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How a life-threatening allergic reaction can happen so fast

November 23, 2018 | in News, Paramedics TV

Keysborough mother-of-three Shauna was busy doing jobs at home when she took a common antibiotic to treat a painful abscess.

“It all happened so quickly,” she said. “This overwhelming feeling of dread came over me, I felt tingly, hot, nauseous. I just knew I needed to call an ambulance.”

Shauna’s gripping tale of a life-threatening allergic reaction plays out on the latest episode of Paramedics (Channel 9, Thursdays at 8.30pm) where shortly after calling Triple Zero (000) she passes out and paramedics struggle to gain access to her home.


Paramedics struggle to gain access to Shauna’s home after she suffers a life-threatening allergic reaction.


The 41-year old knew she was allergic to penicillin but had never suffered a reaction as serious as this before.

Last year, Ambulance Victoria received 11,000 calls for allergic reactions. Anaphylaxis is the most serious allergic reaction and is a medical emergency. Within minutes of exposure to the allergen, or ‘trigger’, a person can suffer potentially life-threatening symptoms such as facial swelling, breathing difficulties and unconsciousness.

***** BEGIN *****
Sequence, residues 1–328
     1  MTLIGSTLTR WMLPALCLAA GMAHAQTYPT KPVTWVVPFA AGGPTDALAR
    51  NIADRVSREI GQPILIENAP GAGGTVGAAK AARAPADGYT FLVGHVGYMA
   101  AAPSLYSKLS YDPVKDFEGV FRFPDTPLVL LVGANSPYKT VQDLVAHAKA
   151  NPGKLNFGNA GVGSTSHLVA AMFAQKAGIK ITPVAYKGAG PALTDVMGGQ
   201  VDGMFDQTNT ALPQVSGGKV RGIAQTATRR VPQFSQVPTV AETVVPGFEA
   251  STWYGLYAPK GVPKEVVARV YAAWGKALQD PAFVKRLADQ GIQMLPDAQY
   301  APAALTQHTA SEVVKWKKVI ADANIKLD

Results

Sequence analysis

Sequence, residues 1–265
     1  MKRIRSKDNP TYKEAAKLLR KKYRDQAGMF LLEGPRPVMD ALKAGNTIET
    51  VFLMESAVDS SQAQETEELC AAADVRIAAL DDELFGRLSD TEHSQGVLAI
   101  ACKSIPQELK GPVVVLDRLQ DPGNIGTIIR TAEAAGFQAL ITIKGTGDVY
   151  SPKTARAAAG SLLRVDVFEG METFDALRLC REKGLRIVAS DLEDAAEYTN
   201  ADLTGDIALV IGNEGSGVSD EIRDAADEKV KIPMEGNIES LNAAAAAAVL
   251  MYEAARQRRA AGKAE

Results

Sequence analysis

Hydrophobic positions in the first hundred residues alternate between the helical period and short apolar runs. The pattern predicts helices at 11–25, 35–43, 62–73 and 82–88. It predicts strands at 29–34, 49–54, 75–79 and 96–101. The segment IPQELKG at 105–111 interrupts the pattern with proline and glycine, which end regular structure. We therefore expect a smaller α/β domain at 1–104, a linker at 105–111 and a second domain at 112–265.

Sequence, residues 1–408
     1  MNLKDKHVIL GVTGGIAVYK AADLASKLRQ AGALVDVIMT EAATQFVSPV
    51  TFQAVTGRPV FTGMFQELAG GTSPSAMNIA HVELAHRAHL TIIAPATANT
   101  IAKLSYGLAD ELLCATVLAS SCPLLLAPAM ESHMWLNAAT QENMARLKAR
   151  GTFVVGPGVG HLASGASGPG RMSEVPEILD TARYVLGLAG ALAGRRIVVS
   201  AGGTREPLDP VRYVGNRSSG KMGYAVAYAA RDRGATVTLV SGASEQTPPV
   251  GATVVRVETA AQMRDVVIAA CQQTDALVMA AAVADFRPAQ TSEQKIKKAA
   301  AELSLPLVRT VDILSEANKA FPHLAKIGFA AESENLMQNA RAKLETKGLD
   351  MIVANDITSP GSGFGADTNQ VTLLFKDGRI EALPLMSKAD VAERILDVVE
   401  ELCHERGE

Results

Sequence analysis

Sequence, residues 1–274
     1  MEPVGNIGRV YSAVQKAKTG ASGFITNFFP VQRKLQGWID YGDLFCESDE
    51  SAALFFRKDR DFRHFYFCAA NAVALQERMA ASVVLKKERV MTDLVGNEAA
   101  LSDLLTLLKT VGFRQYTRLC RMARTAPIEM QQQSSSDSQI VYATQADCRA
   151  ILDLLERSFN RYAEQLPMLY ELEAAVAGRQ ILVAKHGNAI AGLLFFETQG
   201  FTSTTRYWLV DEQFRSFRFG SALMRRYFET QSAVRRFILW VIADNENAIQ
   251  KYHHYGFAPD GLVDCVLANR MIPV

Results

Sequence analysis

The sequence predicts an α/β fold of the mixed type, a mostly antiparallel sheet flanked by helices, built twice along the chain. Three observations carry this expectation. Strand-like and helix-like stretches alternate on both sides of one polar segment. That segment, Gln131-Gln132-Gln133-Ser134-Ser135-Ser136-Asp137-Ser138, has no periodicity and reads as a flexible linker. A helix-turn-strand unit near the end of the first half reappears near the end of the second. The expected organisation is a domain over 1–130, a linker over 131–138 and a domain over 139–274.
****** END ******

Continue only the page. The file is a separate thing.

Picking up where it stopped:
On the way to the scene, MICA paramedic Mark says, “The main concern for me would be that she’s got airway swelling, which is immediately life-threatening.”

On arrival, Mark and fellow paramedics peer through the window and spot Shauna on her couch, losing consciousness. Working quickly to find a way into the property, they manage to gain access through a window to reach Shauna.

“A case of anaphylaxis as serious as Shauna’s requires a continuous dose of adrenalin via an infusion,” says Mark on the show.

After Shauna’s condition improved, she was transported to hospital where she spent the night in ICU, with her worried daughters, Kelly (18) and Ebony (21) by her side.

Shauna is a full-time carer to her elder son Troy, who has disability, and has expressed how grateful she is to be back home with her family able to resume her important caring role.

“I’m normally the last to call an ambulance or seek medical treatment for myself – it’s always for others. But this time I just knew that it wasn’t good – and I can’t even put into words how glad I am that I called,” Shauna said.

“Shauna’s call to Triple Zero has saved her life,” says MICA paramedic Mark on the show.


At 41 years of age, this was Shauna’s first episode of anaphylactic shock.


Common triggers for anaphylaxis include:

  • food – common allergy-causing foods include crustaceans, tree nuts, eggs and dairy
  • insect venom – particularly bees, jumper ants, ticks, fire ants and wasps
  • some medicines – including prescription drugs like penicillin.

Anaphylaxis can occur within minutes – the average is around 20 minutes after exposure to the allergen. Symptoms may be mild at first, but tend to get worse rapidly.

Unfortunately there is no cure for anaphylaxis. The most important management strategy is to avoid all known triggers and to always carry your adrenaline auto-injector (AAI) – commonly known in Australia as EpiPen and AnaPen.

Now knowing she is at risk of anaphylaxis, Shauna now carries two EpiPens wherever she goes.

Visit the Better Health Channel for more information on anaphylaxis causes, symptoms and treatment.

Catch-up on episodes of Paramedics on 9Now.

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